Procurement will be necessary for any level of production, but exceptionally so in the case of boards ticketed for large production runs. With current chip supplies on massive backorder as the semiconductor industry moves to address shortages due to the global supply chain disruption of the past couple of years, it is more important than ever that component selection is provided early enough to teams to meet limited supply quantities. There is always some wiggle room, as teams need to bake in a minimum level of flexibility in procurement due to some extensive delays, but the earlier a list is submitted, the quicker the design team can build land patterns and prepare the design.

The Role of Prototyping in Development

A design is now ready to enter its second major phase: prototyping. The importance of prototyping cannot be overstated, as its flexibility and cost convenience allow the design teams a reasonable pivot point without sacrificing development time. The prototype serves to rubber stamp the design (by confirming the logic) as well as the manufacturing work (by confirming device functionality). Importantly, it serves as a proof-of-concept, bringing drawings and simulations to a tangible product that can provide instantaneous feedback.

Design flexibility is key at this point, from the schematic all the way through the manufactured board. With the complexities and intricacies of PCB design, it’s nearly universal that boards will require additional revisions. The design team’s approach should be to minimize the number of revisions while still allowing for ample experimentation in the build.

Although the time spent in manufacturing is likely a fraction compared to the time spent on development and testing, manufacturing processes are far more liable to bottlenecking, especially for out–of-house productions. While prototyping needs to winnow down a build that takes in mind design-for-manufacture, there is significant leniency in how designers and fabricators can approach this. To that end, here is a list of some common design tenets that can be employed during the prototyping stage of design:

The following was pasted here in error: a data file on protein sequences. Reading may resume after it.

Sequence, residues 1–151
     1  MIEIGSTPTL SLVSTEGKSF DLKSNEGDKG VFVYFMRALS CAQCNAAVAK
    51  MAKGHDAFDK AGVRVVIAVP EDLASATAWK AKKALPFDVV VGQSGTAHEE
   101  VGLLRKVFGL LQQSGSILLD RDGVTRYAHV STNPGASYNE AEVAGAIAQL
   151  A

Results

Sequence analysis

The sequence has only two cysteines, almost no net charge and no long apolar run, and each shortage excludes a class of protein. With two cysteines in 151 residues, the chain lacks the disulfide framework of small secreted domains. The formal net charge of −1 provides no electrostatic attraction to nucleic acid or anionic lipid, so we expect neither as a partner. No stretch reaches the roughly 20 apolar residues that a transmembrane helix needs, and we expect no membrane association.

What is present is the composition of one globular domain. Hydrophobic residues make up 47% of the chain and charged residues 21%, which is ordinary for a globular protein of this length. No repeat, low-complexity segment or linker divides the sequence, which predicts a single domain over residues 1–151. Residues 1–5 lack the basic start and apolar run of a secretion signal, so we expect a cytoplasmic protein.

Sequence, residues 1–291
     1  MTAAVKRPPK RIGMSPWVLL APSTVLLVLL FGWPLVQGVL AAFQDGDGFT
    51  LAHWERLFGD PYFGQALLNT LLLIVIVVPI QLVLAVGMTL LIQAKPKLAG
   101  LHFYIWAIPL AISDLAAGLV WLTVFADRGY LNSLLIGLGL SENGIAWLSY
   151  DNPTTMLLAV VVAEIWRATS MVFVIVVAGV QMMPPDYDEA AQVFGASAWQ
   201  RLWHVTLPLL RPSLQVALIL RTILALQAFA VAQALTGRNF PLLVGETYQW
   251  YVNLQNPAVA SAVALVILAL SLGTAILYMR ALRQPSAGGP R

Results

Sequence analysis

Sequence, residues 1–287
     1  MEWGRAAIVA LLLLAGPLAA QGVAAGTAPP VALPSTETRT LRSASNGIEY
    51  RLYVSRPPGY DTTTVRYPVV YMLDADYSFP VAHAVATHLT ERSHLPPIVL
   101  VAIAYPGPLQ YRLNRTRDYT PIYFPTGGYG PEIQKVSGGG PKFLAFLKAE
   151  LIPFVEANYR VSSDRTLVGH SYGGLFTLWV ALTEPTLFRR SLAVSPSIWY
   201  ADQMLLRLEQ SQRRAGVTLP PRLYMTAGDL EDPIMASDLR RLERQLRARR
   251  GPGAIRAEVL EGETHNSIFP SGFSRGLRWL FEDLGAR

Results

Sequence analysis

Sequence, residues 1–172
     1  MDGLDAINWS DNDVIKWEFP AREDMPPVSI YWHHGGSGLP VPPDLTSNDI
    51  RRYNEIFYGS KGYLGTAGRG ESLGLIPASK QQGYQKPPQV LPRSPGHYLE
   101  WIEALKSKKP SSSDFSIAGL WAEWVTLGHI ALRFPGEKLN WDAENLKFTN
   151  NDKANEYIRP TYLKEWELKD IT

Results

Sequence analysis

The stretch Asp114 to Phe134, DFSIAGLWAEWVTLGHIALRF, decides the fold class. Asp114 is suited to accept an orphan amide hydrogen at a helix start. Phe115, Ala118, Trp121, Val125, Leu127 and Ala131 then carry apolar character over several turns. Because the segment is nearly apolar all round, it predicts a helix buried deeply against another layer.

• Simplicity over-optimization - Low production quantities mean unoptimized boards can focus on the task at hand: building a reasonable approximation of the final design in a short timeframe. A relaxation of overall fabrication time and labor means designers can take a less exacting approach (within specifications and reason) to interconnects and other PCB features that would otherwise favor manufacturability.
  • Decision fluidity - It’s unlikely that a board would change significantly between the prototype and final product – there is not enough technical knowledge to be gleaned by altering features, materials, or structure to the point where the two design stages differ significantly. However, it may come in the course of development that the prototype stage serves as a low-risk environment to tinker significantly with designs, provided that these changes do not upset any other parameters or specifications. In a more general sense, this allows design elements of the board to optimize over time, allotting a range of acceptable options that reduce overall turnaround time.
  • Future expandability - Designs by nature need to expand, contract, fit new functions, and excise unnecessary ones; very rarely does the final product perfectly represent its initial prototype with a healthy dose of optimization design. A few small design choices–such as switching to smaller packages to accommodate a repetition of a circuit or allowing testers to swap out impedance factors to fine-tune parameters without the need for small and hard-to-solder SMT parts–can make a difference.